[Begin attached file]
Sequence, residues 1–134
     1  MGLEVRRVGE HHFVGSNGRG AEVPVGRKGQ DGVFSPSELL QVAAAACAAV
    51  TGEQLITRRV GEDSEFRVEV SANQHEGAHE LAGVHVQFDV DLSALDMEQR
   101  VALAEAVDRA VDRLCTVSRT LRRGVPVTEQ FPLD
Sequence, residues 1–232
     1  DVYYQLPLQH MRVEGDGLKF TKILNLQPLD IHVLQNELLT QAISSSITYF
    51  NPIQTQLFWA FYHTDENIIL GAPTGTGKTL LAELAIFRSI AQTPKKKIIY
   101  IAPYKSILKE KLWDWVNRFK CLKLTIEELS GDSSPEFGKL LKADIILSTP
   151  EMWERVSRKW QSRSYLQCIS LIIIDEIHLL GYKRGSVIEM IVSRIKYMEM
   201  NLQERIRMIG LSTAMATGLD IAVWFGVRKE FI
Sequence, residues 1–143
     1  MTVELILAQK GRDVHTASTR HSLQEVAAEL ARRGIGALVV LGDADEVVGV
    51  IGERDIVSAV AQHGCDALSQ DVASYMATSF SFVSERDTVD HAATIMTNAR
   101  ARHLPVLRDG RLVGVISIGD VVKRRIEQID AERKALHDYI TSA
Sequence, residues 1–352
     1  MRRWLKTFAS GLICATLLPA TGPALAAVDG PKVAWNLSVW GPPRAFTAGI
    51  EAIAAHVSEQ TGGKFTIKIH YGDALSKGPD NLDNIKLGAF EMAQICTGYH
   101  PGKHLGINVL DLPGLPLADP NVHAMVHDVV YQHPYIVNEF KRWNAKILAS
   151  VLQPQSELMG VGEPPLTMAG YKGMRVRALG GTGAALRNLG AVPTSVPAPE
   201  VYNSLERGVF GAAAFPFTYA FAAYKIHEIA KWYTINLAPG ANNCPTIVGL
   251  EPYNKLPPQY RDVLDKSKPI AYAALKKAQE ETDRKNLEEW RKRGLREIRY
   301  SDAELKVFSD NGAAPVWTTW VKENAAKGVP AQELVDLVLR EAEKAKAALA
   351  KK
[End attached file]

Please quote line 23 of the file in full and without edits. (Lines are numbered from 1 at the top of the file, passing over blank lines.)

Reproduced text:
   351  KK